DebisZoo

Fantasy worlds. Magical inhabitants. Timeless battles between Good and Evil.

The Fun of Juggling Manuscripts

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As I work on my manuscript for the upcoming Summerbird’s Quest, I’ve also started working on the third book in the An Act of Entreaty series, titled, The Dark Odes of Peregrim. Since one book melds into the next (even though Peregrim takes place approximately three years after the end of Quest), it really is easier to write them at the same time. But it can be tricky, one has to be careful not to place the wrong characters in the wrong place and time! But fun!

And so, here is the synopsis for The Dark Odes of Peregrim:

The Dark Odes of Peregrim, Book #3 of An Act of Entreaty…coming in 2020

Deep within the magical lands of Emythor sits the small castle of Darkleaf. Darkleaf guards the Garden, home of the powerful entity, Treaty. But the Garden does not exist alone, for it, too, guards something. Beyond and yet magically within the Garden, lies the mystical and dark land of Peregrim.

After creating Emythor, Treaty desired a place to live and made the Garden, Treaty fashioned a land of bold Fey warriors to guard it—Peregrim. But Treaty soon realized that all was not well with Peregrim’s people. The then Lord of the Peregrim asked Treaty to give the lands located above the Garden their autonomy; thus Mourshyn, the Riven Land, emerged.

Magic is not welcome in Mourshyn. Over the many years since, the forsaken land has grudgingly acknowledged an uneasy alliance with Peregrim, for they do not trust the Fey. They do not care that Emythor is once again peaceful and prosperous. Despite the trade lines enjoyed with Peregrim, Mourshyn wishes only to be left alone, stagnant in time. As Mourshyn—and Tarfta, the town of the Lord-Governor—are isolated and hostile, they are the perfect quarry for someone—or something—seeking to bring conflict to the Fey. For Treaty cannot forget the last words of the demon Borrea before he died:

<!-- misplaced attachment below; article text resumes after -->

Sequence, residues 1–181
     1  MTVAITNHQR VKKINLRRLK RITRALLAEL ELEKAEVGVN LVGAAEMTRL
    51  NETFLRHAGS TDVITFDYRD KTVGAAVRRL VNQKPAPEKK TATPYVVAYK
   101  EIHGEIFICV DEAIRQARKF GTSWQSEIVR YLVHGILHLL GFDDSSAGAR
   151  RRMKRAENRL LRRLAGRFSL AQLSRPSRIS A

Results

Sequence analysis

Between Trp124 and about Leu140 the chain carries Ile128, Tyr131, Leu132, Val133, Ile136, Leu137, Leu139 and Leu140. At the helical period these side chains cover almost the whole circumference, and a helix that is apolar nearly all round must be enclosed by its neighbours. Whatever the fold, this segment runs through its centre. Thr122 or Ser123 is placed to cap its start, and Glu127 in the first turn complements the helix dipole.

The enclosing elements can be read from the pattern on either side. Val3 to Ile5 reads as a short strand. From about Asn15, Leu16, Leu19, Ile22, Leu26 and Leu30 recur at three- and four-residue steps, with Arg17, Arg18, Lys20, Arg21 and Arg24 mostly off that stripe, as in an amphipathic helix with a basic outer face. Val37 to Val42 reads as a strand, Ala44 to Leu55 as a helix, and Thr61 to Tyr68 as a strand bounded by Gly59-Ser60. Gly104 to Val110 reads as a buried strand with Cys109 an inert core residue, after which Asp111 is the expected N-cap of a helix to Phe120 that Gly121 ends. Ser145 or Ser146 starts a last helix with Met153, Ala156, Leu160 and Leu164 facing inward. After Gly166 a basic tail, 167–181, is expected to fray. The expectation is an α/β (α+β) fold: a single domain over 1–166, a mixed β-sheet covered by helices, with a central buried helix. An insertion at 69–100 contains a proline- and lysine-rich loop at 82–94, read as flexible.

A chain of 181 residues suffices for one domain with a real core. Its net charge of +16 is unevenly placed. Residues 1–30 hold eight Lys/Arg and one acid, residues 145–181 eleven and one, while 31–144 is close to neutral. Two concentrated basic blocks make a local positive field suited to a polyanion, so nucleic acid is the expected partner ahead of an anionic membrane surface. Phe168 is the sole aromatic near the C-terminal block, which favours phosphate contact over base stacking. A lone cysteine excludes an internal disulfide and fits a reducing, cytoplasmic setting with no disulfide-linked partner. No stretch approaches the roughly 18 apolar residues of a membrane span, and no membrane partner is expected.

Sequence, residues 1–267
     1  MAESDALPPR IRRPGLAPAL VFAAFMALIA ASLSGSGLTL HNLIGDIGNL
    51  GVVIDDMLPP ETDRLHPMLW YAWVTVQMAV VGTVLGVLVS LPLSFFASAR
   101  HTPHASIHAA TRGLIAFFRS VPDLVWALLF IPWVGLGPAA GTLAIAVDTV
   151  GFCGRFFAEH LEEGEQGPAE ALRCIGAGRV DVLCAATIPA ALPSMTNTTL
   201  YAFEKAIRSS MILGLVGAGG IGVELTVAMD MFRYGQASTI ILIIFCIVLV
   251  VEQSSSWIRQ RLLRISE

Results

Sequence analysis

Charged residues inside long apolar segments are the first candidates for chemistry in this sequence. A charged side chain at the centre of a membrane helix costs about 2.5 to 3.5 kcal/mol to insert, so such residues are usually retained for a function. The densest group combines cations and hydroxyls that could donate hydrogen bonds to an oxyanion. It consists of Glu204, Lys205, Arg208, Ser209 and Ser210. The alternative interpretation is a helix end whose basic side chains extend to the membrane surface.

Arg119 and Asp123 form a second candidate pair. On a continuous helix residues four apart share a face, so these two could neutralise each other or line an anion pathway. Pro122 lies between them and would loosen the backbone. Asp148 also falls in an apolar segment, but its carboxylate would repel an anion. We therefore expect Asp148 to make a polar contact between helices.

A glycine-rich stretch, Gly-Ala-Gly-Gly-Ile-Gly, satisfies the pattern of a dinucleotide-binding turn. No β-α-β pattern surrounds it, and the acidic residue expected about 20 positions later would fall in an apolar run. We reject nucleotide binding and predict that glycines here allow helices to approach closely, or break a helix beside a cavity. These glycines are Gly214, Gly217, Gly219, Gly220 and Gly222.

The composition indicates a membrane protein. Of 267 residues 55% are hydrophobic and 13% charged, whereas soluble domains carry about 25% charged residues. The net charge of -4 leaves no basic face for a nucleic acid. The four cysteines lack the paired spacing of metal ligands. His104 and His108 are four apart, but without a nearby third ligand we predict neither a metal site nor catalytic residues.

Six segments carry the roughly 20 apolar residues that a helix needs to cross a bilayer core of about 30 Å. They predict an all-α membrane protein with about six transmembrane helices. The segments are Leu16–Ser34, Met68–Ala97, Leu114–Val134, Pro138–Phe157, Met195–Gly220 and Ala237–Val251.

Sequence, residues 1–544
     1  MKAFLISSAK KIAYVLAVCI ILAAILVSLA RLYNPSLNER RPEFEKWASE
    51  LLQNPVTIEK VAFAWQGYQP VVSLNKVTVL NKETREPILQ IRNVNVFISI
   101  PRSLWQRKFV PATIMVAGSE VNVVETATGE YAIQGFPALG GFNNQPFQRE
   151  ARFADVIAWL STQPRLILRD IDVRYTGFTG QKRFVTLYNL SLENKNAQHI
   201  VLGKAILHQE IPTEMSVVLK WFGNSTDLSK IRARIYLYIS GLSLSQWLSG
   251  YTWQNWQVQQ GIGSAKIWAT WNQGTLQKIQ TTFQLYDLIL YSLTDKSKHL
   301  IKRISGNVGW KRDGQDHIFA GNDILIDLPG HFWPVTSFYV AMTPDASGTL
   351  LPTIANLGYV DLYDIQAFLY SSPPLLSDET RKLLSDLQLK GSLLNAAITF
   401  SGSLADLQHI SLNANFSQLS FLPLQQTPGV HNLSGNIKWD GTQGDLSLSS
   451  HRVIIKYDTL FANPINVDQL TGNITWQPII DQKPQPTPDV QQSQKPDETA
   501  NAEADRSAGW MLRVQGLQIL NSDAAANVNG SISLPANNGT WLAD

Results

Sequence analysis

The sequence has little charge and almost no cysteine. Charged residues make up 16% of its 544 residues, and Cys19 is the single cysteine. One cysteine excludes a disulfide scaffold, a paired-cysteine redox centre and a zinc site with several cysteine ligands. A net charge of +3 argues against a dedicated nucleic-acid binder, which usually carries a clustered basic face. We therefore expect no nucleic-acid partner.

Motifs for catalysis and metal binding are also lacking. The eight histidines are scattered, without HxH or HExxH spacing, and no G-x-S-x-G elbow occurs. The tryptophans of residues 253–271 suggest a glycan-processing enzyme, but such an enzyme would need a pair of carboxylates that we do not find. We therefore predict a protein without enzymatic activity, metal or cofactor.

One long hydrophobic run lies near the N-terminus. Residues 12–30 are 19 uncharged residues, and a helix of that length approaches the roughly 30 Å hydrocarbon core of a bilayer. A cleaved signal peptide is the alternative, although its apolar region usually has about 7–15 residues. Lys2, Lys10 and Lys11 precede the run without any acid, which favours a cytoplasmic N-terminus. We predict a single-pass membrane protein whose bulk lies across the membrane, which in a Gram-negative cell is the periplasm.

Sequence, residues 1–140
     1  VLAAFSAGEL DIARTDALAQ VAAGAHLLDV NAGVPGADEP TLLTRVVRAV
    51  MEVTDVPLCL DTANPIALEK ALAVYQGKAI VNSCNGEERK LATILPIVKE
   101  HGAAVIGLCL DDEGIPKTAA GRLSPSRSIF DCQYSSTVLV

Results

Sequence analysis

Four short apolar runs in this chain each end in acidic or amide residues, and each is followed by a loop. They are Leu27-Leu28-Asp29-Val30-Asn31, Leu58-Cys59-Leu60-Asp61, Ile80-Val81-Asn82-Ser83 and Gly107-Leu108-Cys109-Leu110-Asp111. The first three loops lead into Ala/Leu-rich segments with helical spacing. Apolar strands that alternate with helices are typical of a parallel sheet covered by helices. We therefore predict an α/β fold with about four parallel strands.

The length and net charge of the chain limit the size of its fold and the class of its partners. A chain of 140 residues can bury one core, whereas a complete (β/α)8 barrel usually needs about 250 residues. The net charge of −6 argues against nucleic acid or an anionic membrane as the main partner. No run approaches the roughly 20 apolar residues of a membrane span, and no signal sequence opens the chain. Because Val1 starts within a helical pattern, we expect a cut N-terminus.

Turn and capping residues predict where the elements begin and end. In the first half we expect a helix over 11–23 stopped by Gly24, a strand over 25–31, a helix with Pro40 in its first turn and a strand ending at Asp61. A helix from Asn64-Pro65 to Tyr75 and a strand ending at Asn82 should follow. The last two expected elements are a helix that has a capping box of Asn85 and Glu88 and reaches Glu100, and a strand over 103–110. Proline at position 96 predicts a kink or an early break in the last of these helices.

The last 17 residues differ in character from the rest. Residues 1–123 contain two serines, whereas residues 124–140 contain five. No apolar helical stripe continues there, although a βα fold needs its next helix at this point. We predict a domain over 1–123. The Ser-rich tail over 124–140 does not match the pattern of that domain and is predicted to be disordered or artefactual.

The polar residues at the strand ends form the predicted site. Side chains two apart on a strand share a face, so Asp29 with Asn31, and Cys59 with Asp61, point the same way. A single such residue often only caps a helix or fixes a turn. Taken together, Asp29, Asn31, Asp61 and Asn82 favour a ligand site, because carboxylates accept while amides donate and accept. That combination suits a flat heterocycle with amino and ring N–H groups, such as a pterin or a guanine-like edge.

There will be others come after me…

Beautiful, dark, verdant Peregrim is ruled by the Lord of the Peregrim, the Guardian of the Garden—Ránulf ai’Wryth. When Ránulf meets Clariss de’Oriste, Tarfta’s Learned Recluse, sparks fly, but these two must overcome a lifetime of mistrust and disinformation their lands have against each other. Clariss loves and defends the people of her village, much as Ránulf does those of Peregrim. But Tarfta’s governors are an unappreciative group of untrusting overseers. In their eyes, the Learned Recluse wields far too much influence over the people; there are sometimes rumors she might have magical abilities.

When Clariss takes the punishment meant for another, she is taken to the Peregrim to save her life. She finds herself in a land that should terrify her. Instead, though grievously wounded, her dreams take her through an exquisite garden, filled with the plants she loves, huge, heady blooms she’s never seen. Fragrance surrounds her, along with something unseen, telling her something that fills were with both longing and fear. The Peregrim are waiting, for the dark and the light, and the over and the under to come to them.

When she relays the tale to Ránulf, he is filled with disbelief. She describes things in the Garden she could not possibly have seen. And the words bring up memories from his childhood, of endless tales told by Treaty to the children of Peregrim. What do they mean?

No sooner do Ránulf and Clariss learn of her connections to Peregrim than they find themselves caught up in a fear-fraught entreaty from Treaty and the King and Queen of Emythor—

Something malevolent has found its way into Emythor through Mourshyn and its evil is already spreading out over the land. The people of the Riven Land will need the help of the Peregrim and even Emythor, itself, if they are to survive this attack. For while trust must be earned and nurtured, sometimes there isn’t time for that. Human must simply trust other humans, because they are, after all, the same.

Books by Debi Ennis Binder https://debiszoo.wordpress.com/wp-admin/post.php?post=383&action=edit

2 thoughts on “The Fun of Juggling Manuscripts

  1. tomhr

    Debi, I’m confused. In this universe, you already have one magic-hostile land (Ishterr). Why are you creating a second one (Mourshyn)? And frankly, it strains credibility to have one place in your universe where magic is outlawed, hated, and despised; two magic-hostile places in the same universe is flat-out unbelievable. Sorry, but that’s what I think.

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    1. debiszoo Post author

      I am writing the third book alongside the second. Without giving away what happens in the second book, I can say that Isterr might not be considered a hostile land any longer. Mourshyn is the pits compared to Isterr. I believe the books can carry two bad places, as Mourshyn is little more than a patch of land, while Isterr is another realm. There are a lot of people in Tarfta, the only village in the place, that have and use magic, but it’s kept under wraps, so the serfs don’t riot. I will make one promise–since some of the third book takes place in Isterr, if the two lands start to look and feel too much alike, I will high-tail it to the keyboard and make some serious changes!

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